Religion and Literacy in Colonial New England

by Patricia Miletich

Historical Background

Puritans believed that reading the Bible was important to achieving salvation and, therefore, teaching children to read was a priority in their colonial centers. The New England Primer, first published in Boston in 1690 and used by students through the nineteenth century, was seen as a means to advance literacy. With more than five million copies of the Primer sold, generations of children first learned their ABCs through this publication. The document image is an excerpt from the Primer that shows how the alphabet would be taught to Puritan children.

The New England Primer provides a clear example of the importance of religion to the early Puritan colonists. It also illustrates why the literacy rate in the New England colonies far exceeded that in other areas of settlement.

Essential Question

To what extent did literacy connect the spiritual and secular lives of Puritans?

Motivation, Do Now

  1. Ask students to recall how they learned to read (most will mention school, some may relate exposure to Sesame Street or computer-based instruction, some home schooling). List responses.
  2. Then ask whether they can recall the name of the book they used when they first learned to read.

Learning Objectives

  • Describe the process by which Puritan and many other New England children became educated.
  • Read and examine a sample page from the New England Primer.
  • Explain why the Bible was used to help children learn to read.
  • List important values and aspects of proper behavior that were learned along with the ABCs.
  • Create a sample contemporary primer for elementary school students that would replicate the format of the New England Primer but list values and proper behavior in a secular format.

Questions and Activities

The teacher will distribute copies of a page from the New England Primer. (A facsimile edition of The New England Primer can be viewed in the online Internet Archive if you wish to project the page on a large screen.) The teacher will ask various students to read each of the entries and where necessary assist with vocabulary issues.

The teacher will then ask the following questions:

  1. In what ways does the New England Primer reveal the importance of religion in colonial Puritan life?
  2. List and explain the values children would learn along with their ABCs.
  3. Cite any examples in your own education where values may have been taught as part of a reading/writing exercise.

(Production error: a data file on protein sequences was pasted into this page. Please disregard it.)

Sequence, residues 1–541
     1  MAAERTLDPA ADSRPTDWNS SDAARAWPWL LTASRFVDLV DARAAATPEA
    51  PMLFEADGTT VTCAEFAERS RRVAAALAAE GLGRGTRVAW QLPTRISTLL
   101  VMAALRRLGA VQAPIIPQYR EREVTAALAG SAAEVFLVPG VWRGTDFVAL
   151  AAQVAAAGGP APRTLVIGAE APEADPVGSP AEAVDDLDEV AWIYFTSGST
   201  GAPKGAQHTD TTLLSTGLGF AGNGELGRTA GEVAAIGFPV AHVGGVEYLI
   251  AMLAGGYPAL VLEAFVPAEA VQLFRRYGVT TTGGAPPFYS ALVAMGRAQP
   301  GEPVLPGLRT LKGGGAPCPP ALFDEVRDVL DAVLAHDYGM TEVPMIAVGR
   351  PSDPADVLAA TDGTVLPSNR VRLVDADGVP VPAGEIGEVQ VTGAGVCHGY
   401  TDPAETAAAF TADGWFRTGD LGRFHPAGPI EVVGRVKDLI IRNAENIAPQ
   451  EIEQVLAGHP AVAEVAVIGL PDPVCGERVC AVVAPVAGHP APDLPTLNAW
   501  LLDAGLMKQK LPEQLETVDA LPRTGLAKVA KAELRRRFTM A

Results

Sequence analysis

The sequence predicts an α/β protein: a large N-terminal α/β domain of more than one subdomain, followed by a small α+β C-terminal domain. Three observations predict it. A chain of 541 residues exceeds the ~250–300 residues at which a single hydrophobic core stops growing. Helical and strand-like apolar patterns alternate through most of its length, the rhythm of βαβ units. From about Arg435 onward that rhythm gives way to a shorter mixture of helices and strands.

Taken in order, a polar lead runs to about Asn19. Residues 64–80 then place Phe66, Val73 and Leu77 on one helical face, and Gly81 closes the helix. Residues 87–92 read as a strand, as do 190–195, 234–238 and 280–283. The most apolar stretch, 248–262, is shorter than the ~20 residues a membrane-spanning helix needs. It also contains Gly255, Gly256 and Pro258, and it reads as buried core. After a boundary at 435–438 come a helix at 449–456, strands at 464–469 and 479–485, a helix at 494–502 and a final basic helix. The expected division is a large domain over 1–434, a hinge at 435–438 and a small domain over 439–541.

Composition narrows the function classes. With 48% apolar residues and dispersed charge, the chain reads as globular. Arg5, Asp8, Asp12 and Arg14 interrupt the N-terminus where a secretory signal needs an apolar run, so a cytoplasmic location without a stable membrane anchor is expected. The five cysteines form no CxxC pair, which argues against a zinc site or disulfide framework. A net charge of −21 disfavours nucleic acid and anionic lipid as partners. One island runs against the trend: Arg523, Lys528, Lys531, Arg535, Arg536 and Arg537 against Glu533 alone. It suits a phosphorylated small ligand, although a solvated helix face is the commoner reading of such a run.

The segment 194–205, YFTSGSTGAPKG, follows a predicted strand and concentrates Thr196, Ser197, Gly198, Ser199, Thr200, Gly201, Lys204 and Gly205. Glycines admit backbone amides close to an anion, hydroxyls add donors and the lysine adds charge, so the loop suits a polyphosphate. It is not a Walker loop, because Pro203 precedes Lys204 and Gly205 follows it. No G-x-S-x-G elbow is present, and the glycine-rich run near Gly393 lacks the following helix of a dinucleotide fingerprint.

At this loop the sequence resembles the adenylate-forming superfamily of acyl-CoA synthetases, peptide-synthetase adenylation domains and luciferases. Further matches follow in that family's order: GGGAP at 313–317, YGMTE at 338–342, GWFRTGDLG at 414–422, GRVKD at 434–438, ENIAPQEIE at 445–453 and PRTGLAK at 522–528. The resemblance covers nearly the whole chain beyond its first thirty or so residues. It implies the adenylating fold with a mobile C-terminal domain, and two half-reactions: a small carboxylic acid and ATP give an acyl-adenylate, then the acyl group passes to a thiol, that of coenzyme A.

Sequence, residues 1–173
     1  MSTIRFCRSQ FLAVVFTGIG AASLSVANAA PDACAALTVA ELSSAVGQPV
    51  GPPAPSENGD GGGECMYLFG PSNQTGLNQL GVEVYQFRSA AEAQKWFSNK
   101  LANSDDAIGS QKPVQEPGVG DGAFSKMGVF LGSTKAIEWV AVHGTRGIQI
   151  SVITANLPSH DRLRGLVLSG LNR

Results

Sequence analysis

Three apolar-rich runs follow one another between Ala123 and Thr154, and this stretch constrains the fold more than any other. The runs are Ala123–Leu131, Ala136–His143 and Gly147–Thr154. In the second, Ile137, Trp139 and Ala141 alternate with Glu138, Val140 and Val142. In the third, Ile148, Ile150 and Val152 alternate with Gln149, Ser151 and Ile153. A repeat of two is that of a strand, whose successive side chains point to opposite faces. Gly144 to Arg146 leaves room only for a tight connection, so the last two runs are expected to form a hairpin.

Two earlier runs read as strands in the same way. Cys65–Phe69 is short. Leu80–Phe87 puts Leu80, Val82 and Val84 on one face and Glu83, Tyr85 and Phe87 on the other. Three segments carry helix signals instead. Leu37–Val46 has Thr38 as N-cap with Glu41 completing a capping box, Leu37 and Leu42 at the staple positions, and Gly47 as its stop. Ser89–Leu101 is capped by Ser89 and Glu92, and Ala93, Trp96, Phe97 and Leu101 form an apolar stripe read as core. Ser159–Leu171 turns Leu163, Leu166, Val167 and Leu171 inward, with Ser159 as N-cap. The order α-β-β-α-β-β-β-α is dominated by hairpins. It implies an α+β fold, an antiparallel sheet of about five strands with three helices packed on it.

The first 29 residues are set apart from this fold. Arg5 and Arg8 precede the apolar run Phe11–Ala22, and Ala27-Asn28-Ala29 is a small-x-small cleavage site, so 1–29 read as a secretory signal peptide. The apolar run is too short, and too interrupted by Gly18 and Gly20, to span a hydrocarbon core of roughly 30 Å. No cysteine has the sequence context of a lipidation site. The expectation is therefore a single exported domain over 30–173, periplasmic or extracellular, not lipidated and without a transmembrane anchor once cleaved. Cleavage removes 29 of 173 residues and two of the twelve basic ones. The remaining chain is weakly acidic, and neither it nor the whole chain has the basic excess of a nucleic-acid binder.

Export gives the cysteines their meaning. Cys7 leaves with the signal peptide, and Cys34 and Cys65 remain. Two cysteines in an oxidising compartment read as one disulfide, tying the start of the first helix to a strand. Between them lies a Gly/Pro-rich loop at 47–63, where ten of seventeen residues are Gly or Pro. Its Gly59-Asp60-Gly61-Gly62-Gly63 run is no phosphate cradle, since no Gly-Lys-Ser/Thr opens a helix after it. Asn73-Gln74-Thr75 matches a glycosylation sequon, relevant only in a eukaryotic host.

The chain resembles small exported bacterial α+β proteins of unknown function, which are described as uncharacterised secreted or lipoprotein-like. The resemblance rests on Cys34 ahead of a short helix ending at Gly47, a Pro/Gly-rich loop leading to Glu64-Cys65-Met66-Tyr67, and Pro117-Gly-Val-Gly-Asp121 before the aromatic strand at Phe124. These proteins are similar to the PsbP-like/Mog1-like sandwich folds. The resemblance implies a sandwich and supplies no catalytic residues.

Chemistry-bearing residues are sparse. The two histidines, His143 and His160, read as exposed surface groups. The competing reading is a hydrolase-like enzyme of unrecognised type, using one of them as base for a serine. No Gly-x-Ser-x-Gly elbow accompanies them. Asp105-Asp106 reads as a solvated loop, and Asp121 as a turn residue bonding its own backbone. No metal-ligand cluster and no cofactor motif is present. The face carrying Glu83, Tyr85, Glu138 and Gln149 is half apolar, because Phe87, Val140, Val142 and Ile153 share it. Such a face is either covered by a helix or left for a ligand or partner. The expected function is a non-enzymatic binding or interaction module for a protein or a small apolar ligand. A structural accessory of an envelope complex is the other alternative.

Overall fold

Closure / Summary

The students will be broken up into pairs or triads and asked to take a letter of the alphabet and, using a format similar to the New England Primer, create a contemporary model that will stress appropriate behavior, attitudes, and relationships with others. The lesson will end with reports from the groups on the contemporary primers they created.

The New England Primer, Improved (Hartford: Lincoln & Gleason and Hudson & Goodwin, 1803) (Rare Books and Special Collections Division, Library of Congress)

Make Gilder Lehrman your Home for History

Already have an account?

Please click here to login and access this page.

How to subscribe

Click here to get a free subscription if you are a K-12 educator or student, and here for more information on the Affiliate School Program, which provides even more benefits.

Otherwise, click here for information on a paid subscription for those who are not K-12 educators or students.

Make Gilder Lehrman your Home for History

Become an Affiliate School to have free access to the Gilder Lehrman site and all its features.

Click here to start your Affiliate School application today! You will have free access while your application is being processed.

Individual K-12 educators and students can also get a free subscription to the site by making a site account with a school-affiliated email address. Click here to do so now!

Make Gilder Lehrman your Home for History

Why Gilder Lehrman?

Your subscription grants you access to archives of rare historical documents, lectures by top historians, and a wealth of original historical material, while also helping to support history education in schools nationwide. Click here to see the kinds of historical resources to which you'll have access and here to read more about the Institute's educational programs.

Individual subscription: $25

Click here to sign up for an individual subscription to the Gilder Lehrman site.

Make Gilder Lehrman your Home for History

Upgrade your Account

We're sorry, but it looks as though you do not have access to the full Gilder Lehrman site.

All K-12 educators receive free subscriptions to the Gilder Lehrman site, and our Affiliate School members gain even more benefits!

How to Subscribe

K-12 educator or student? Click here to get free access, and here for more information on the Affiliate School Program.

Not a educator or student? Click here for more information on purchasing a subscription to the Gilder Lehrman site.

Add comment

Login or register to post comments